Clint Eastwood's Ten Directorial Triumphs

In his eighties, Clint Eastwood directed the biggest money-maker he has ever been associated with, American Sniper. Modeling himself on his mentor Don Siegel, Eastwood gradually evolved from a meat-and-potatoes genre director to a consummate craftsman and the maker of some true artistic triumphs. Let’s look back at the ten best he’s ever helmed.

10 White Hunter, Black Heart (1990). One of Eastwood’s stranger offerings was this project about the making of The African Queen and its director, John Huston, who in the film is fictionalized, called “John Wilson” and played by Eastwood. Eastwood’s attempts to recreate Huston’s peculiar lockjaw are mixed, but White Hunter is a worthy inquiry into the nature of obsessive artistry and the relationship between an artist’s personality and the caliber of his work.

9. The Outlaw Josey Wales (1976). Eastwood began to explore his sensitive side with his portrayal of an honest farmer and family man who turns into a ruthless desperado after the murder of his wife and child. Classic Eastwood motifs such as barroom showdowns and wickedly barbed one liners (such as “Buzzards gotta eat too,” said over the body of a dead man who doesn’t deserve a burial) are laid over an unusual political foundation, about the pointless savagery at the end of the Civil War, when marauding bands of pro-Union “Red Legs” lay waste to civilian homes. Josey Wales explains in his climactic parley with a Comanche chief that despite dealing death for most of the movie he believes in tolerance, his “word of life.”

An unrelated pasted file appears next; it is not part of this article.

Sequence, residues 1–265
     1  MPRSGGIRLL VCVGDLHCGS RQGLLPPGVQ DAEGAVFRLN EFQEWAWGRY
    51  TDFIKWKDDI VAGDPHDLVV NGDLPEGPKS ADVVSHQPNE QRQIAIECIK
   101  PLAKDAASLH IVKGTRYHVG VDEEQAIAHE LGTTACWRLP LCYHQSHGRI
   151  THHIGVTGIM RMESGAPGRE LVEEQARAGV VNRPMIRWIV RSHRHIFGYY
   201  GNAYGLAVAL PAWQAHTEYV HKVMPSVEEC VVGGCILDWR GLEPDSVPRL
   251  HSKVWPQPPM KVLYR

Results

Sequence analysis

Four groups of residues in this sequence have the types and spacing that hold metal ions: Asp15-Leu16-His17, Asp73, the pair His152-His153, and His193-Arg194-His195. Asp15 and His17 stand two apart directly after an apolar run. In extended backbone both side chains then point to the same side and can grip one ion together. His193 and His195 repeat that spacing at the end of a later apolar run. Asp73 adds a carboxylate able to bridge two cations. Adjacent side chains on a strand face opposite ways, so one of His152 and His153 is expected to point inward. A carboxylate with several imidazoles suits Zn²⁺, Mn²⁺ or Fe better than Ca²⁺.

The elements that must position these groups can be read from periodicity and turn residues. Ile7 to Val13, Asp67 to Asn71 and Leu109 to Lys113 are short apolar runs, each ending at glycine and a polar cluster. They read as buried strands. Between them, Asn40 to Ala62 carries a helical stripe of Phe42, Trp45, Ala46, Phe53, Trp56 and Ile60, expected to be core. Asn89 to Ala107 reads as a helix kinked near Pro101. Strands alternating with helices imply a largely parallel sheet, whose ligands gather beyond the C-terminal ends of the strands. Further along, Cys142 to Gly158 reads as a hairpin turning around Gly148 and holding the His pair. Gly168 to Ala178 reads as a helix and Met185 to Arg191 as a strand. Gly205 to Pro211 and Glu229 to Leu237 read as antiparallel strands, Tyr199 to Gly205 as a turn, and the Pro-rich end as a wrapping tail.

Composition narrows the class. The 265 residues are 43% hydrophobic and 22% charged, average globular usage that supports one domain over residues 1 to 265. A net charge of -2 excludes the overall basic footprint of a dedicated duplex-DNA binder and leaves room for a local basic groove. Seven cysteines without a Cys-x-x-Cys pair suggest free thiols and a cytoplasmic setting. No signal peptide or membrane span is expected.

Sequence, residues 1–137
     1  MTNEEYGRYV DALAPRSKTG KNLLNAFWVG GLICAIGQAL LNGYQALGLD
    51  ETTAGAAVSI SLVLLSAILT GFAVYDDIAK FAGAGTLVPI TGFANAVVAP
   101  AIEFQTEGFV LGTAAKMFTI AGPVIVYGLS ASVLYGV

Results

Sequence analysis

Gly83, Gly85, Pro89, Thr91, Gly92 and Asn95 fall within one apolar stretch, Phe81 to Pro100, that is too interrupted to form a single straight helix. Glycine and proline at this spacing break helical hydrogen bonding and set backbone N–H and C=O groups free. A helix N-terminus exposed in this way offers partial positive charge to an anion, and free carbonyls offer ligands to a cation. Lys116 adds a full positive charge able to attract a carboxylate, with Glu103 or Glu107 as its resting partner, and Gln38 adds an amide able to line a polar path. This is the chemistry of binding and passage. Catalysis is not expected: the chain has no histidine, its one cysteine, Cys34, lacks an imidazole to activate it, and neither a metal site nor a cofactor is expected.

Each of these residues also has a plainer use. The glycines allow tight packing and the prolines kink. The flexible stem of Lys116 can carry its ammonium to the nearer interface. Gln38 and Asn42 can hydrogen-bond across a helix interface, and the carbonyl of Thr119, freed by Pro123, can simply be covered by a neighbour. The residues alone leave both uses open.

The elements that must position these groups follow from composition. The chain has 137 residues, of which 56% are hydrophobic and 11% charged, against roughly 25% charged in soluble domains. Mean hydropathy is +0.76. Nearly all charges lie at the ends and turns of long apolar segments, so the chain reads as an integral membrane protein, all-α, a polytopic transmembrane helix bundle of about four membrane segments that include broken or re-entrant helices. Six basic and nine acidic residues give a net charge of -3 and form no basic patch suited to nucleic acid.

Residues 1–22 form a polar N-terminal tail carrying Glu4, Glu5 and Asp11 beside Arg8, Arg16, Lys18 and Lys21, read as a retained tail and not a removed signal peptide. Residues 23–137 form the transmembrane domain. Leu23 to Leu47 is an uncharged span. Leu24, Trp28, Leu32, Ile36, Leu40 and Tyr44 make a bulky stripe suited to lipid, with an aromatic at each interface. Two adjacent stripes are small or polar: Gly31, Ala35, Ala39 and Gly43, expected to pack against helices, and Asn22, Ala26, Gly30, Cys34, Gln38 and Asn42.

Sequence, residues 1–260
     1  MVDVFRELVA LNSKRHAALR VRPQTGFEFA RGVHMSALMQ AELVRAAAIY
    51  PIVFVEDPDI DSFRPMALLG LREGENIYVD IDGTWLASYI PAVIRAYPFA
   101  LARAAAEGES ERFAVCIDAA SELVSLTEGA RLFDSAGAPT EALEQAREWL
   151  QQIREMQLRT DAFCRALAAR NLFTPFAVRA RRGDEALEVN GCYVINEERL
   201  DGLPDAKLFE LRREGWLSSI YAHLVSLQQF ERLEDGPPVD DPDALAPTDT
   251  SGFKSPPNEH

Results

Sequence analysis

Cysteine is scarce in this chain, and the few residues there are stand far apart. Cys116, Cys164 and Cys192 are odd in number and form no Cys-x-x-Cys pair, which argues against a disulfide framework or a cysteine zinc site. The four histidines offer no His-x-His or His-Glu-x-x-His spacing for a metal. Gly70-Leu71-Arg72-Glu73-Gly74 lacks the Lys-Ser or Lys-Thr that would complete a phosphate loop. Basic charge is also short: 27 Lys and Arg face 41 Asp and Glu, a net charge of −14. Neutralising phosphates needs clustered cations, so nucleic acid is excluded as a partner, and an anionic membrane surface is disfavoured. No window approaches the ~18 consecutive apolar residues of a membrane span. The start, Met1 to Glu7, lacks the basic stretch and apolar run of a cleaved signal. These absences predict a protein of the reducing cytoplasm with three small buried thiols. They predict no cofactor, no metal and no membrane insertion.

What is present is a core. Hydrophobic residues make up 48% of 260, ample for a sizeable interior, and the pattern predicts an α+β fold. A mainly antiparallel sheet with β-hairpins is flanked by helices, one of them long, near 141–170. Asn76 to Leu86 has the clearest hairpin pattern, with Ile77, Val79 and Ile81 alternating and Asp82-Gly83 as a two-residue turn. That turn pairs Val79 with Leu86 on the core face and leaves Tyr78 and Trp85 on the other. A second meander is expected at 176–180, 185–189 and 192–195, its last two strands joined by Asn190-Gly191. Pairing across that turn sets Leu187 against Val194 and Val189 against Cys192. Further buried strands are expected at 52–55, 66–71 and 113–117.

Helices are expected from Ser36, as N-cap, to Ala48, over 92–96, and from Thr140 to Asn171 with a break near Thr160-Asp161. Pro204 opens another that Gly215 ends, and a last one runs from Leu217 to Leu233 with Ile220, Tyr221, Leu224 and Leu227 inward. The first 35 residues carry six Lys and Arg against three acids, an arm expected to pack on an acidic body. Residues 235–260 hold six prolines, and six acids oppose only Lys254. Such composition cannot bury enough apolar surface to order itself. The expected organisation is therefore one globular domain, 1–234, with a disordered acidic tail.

8. Sudden Impact (1983). Eastwood rejuvenated the Dirty Harry franchise with this fourth entry, in which Callahan tangles with a gang of rapists yet has an uneasy relationship with one of their victims (Sondra Locke), who shares Harry’s approach to violent criminals. Although some of the film’s themes were approaching cliche at this point, it’s still a highly entertaining action picture that deserves to be remembered for more than its signature one liner (cited by President Reagan in the course of promising to veto tax hikes), “Go ahead, make my day.”